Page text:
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Indigo Fair, a platform that connects independent retailers with makers and manufacturers, has raised $12 million in a series A round of funding led by Khosla Ventures and Forerunner Ventures, with participation from Sequoia.
Founded out of San Francisco in 2017, Indigo Fair targets smaller local retailers with a marketplace where they can procure anything from jewelry and stationery to kitchen accessories, appliances, and condiments. Unlike other ecommerce marketplaces, Indigo Fair doesn’t target individual consumers, as most items can only be procured in minimum set quantities, such as a case of 12. It’s basically an online wholesaler focusing on unique goods that you may not find on the shelves of your local department store.
Retailers can “try before they buy,” as they’re not charged for any products until two months after they’ve shipped.
Online marketplaces that seek to connect supply with demand are key components of the digital economy, with well-established companies such as Uber, eBay, Amazon, and Airbnb building billion-dollar businesses by joining the dots between sellers and buyers. The concept is simple and has filtered down into all manner of industries, including logistics, local buy-and-sell platforms, online auction houses, recruitment, and more.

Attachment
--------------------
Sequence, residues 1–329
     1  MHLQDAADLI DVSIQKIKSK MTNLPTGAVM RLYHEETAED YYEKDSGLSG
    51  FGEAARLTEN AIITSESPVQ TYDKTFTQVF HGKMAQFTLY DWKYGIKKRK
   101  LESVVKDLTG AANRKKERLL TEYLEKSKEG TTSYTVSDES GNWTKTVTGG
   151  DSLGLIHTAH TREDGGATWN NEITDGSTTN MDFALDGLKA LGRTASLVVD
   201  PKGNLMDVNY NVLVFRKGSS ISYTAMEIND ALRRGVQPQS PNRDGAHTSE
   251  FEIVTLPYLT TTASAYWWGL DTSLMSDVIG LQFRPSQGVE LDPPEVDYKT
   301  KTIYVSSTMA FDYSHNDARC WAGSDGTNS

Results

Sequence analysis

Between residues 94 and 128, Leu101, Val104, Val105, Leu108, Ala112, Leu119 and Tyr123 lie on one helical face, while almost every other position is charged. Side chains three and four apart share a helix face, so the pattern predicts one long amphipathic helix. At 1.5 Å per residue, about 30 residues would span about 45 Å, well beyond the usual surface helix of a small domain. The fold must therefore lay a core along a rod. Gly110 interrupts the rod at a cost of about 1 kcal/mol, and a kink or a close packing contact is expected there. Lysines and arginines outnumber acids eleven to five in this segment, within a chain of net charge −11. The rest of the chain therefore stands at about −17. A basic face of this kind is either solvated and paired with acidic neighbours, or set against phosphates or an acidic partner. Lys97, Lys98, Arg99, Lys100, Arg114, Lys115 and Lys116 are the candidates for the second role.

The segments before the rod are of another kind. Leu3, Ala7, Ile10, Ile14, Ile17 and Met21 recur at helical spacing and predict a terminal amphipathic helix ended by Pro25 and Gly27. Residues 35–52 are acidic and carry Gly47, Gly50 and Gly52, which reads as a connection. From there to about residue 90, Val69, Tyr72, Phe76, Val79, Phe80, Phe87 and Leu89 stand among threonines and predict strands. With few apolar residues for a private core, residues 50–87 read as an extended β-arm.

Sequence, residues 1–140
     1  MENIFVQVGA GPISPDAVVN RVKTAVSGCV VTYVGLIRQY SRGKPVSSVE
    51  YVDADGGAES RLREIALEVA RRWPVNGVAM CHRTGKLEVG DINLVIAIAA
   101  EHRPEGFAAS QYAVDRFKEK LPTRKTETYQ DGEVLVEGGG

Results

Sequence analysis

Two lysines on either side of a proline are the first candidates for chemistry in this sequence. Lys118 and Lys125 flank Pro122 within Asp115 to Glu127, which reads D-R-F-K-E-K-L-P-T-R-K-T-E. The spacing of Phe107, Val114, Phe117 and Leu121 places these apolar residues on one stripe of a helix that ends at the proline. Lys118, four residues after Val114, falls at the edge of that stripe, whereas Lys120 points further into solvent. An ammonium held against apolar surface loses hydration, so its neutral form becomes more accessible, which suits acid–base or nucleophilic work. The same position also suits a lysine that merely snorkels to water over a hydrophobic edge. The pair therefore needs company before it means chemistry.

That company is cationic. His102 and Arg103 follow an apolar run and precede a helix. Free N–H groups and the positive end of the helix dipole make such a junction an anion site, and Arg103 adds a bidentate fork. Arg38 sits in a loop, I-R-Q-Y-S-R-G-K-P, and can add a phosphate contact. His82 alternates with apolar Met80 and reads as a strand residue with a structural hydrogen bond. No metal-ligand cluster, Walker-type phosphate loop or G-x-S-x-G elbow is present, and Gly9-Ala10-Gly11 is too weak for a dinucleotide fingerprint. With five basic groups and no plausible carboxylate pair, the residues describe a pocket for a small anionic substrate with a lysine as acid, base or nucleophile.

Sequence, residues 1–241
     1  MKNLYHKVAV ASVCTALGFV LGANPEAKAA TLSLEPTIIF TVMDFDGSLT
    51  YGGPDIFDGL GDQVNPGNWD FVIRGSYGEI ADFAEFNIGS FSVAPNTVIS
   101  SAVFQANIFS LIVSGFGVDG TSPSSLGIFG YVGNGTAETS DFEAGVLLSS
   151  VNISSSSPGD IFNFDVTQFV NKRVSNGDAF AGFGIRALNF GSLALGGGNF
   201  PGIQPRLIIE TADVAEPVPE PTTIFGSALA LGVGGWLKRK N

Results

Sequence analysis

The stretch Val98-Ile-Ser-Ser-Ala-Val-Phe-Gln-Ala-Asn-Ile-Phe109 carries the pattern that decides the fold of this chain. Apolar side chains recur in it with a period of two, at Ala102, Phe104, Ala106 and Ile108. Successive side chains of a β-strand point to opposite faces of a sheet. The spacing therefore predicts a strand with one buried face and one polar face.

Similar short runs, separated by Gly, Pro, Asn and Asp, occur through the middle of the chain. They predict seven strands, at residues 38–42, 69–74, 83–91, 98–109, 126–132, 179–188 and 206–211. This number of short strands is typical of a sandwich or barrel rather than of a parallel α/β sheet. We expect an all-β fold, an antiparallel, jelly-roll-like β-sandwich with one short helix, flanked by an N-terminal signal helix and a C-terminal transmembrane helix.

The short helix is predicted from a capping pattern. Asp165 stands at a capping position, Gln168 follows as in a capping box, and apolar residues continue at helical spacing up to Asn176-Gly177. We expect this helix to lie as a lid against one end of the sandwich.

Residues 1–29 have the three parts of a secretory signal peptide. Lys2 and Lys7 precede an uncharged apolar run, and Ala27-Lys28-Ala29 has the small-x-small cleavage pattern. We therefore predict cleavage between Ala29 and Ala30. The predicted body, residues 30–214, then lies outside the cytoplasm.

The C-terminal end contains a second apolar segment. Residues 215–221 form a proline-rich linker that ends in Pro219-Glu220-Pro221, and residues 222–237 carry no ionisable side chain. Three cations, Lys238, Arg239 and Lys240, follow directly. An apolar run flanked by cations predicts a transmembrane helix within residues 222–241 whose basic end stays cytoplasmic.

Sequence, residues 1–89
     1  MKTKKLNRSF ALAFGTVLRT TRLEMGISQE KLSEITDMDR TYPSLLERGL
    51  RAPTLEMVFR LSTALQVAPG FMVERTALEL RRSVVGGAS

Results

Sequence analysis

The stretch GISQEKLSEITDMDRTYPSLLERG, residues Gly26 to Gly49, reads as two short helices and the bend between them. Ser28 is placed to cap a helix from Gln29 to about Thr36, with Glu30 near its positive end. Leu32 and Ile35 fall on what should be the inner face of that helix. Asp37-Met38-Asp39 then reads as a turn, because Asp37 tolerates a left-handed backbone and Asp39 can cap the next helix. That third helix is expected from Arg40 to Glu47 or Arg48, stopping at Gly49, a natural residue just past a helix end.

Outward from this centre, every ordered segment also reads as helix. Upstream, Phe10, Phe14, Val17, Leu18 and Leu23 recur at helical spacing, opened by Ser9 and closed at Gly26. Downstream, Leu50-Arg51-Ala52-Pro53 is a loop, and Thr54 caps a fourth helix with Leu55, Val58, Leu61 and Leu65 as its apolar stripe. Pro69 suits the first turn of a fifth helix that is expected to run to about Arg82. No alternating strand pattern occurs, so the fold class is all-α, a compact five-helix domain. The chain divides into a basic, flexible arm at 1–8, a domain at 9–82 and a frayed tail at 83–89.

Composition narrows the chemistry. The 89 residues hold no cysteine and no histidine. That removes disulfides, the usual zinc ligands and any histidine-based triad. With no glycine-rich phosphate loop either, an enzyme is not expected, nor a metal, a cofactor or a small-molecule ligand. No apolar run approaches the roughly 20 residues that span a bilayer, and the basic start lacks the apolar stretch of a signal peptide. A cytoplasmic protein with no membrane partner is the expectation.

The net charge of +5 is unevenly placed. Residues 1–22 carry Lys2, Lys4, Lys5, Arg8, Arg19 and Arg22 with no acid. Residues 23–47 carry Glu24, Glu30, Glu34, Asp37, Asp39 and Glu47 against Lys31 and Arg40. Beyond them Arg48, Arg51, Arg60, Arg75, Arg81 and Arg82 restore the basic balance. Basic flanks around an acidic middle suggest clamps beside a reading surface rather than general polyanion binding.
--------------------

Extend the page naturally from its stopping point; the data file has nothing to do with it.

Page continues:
Some smaller ecommerce marketplaces, such as Trouva, help brick-and-mortar boutiques get online with their own inventory. But Indigo Fair is targeting things from a slightly different perspective: It wants to give retailers access to broader and more interesting inventory.
Additionally, Indigo Fair said that it uses machine learning technology to make product recommendations when a retailer first signs up for an Indigo Fair account by analyzing their “brand aesthetic.”
Indigo Fair had already raised around $4 million from Y Combinator, SV Angel, Khosla Ventures, Sequoia, and Forerunner Ventures, and with another $12 million in the bank the company said it plans to “continue evolving” Indigo Fair’s technology, with a particular focus on AI and machine learning.
Indigo Fair was actually set up by a triumvirate of former Square employees: Daniele Perito, Marcelo Cortes, and Max Rhodes. Alongside today’s funding announcement, the company has revealed that it’s integrating with Square, in addition to Shopify, to roll out “advanced capabilities” that will make continuous product recommendations based on a retailer’s in-store sales. To activate these integrations, retailers need to synchronize their point-of-sale product (e.g. Square Reader) with Indigo Fair, which will then monitor sales performances and recommend similar products. So if those black coffee mugs are selling like hot cakes, well, you might get a recommendation to carry the cream ones, too.
Indigo Fair said that it now serves more than 17,000 retailers across the U.S., with more than 500 makers listing their inventory.
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